Recorded: 01 Jun 2001
Winship Herr: Harry is my mentor and he is the crazy scientist who turned me on to science. And I guess, as I was saying in my introduction [to the Ribosome meeting] the other day, you were trained as a protein chemist and the ribosome ruined you.
Harry Noller: I started out in enzyme mechanisms in Sid Bernhard’s lab but I started doing protein chemistry as a result of that…
Winship Herr: Was that the few months that were so successful they gave you a degree [that] was [in] protein chemistry so you decided…?
Harry Noller: I was on a roll.
Winship Herr: So you took your backpack into the MRC and the great Sydney Brenner told you, you should work on the ribosome.
Harry Noller: Yeah.
Winship Herr: Did you, I mean, obviously when he first told you, you didn’t know whether he was right or not. Right?
Harry Noller: Well, it was an incredible thing. I mean, it was really important, as people tell me—typically, Sydney Brenner—I had known a type in Berkeley, an English guy; he was into English literature. He went back, and—he was from Cambridge—and went back there to become head of English Studies at King’s College, Tony Tanner. And he told me to look him up when I got to Cambridge and so I did. And then, he invited me to a sherry party at Kings College and I went there, and it was very intimidating. It was my first real exposure to Cambridge intellectual life outside of the MRC lab, where I was used to [the] scientific [atmosphere], but this was like everybody in King’s College: the dons, the professors, and the proper accent. The dumbest guy in the room was about a hundred times smarter than anybody I ever met in my life.
And Sydney Brenner was probably the smartest person of them and he comes up to me and says, “So, what are you working on?” I said “I’m working on glyceraldehyde-3-phosphate dehydrogenase.” And he said, “That’s stupid. If you’re a protein chemist, why don’t you work on ribosomes?" I just went – my ego went [makes sinking motion with hand]. You know, I was devastated. But—you know, it took me a couple weeks to realize what he was doing, and it was what he has done to a lot of people. And that’s to tell you that you that you only have your whole life to work on science and no more. And you can spend it working on something boring or something exciting. It’s up to you. And that never occurred to me. I thought that working on ribosomes was for the big guys and that I was just this little guy who was not up to that. But, you know, he [Sydney Brenner] forced the issue and so I wrote to Alfred [Tissières] and Alfred essentially said, “When can you get here (to Geneva)?”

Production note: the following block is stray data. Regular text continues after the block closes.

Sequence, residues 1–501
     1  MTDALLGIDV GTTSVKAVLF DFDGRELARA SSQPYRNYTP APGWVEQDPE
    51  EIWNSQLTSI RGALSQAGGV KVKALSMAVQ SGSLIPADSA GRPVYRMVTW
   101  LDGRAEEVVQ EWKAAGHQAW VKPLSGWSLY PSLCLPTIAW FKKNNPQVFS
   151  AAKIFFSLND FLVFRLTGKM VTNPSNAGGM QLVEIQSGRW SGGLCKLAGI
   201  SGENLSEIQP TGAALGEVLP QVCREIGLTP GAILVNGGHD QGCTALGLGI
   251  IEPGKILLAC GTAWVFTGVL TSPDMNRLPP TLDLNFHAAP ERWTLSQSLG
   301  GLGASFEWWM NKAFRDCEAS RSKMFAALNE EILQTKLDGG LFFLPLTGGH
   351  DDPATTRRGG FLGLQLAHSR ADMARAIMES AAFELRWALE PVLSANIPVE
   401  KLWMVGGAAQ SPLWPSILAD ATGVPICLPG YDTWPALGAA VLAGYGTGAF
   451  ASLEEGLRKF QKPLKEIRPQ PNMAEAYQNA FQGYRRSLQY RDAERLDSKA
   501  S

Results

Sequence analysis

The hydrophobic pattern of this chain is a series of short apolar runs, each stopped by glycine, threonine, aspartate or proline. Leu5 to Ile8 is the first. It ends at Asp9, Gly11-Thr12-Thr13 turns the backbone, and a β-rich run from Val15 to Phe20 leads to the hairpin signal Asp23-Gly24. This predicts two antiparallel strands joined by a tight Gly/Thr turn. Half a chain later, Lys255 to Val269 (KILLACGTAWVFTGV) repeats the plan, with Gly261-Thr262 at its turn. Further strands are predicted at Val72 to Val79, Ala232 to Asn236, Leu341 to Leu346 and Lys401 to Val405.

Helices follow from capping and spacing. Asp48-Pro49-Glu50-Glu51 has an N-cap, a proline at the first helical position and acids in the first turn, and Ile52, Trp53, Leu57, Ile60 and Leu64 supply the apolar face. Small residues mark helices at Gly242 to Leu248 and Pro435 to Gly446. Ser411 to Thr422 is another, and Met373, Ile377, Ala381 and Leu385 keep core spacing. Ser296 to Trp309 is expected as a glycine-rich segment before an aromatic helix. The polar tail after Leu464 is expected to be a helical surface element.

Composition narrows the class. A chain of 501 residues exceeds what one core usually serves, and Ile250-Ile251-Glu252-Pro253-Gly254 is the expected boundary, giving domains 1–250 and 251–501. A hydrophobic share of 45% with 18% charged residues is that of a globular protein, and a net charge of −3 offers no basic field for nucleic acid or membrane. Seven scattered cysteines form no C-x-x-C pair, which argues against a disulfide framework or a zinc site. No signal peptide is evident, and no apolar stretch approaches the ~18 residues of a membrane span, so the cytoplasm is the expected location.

Winship Herr, director of the University of Lausanne School of Biology and member of EMBO. He earned his Bachelor of Arts degree at the University of California in 1974 and Ph.D. for studies on recombinant retroviruses in leukemogenic mice with Walter Gilbert from Harvard University in 1982. He completed his postdoctoral research studies in Cambridge (England) with Frederick Sanger and with Joe Sambrook in Cold Spring Harbor. After that he joined the Cold Spring Harbor Laboratory faculty in 1984. From 1994 till 2002 he was an assistant director of the Laboratory and founding dean of the Watson School of Biological Sciences from 1998 till 2004. He is a professor of the Center for Integrative Genomics at the University of Lausanne.
Winship Herr is a former National Science Foundation predoctoral fellow, Rita Allen Foundation Scholar, Helen Hay Whitney postdoctoral fellow, and Lita Annenberg Hazen Professor of Biological Sciences.
Harry Noller, is best known for his work on on ribosomal RNA structure and function, currently the director of the University of California, Santa Cruz's Center for the Molecular Biology of RNA. He received his B.S. in biochemistry at the University of California, Berkeley and his Ph.D. in chemistry from the University of Oregon.
He received the Rosenstiel Award for Distinguished Work in Basic Medical Sciences together with Drs. Moore and Steitz for their research on the ribosome. Harry Noller has been awarded Paul Ehrlich and Ludwig Darmstaedter Prize granted by the Paul Ehrlich Foundation.
He is a member of National Academy of Science, RNA Society and American Academy of Art and Science.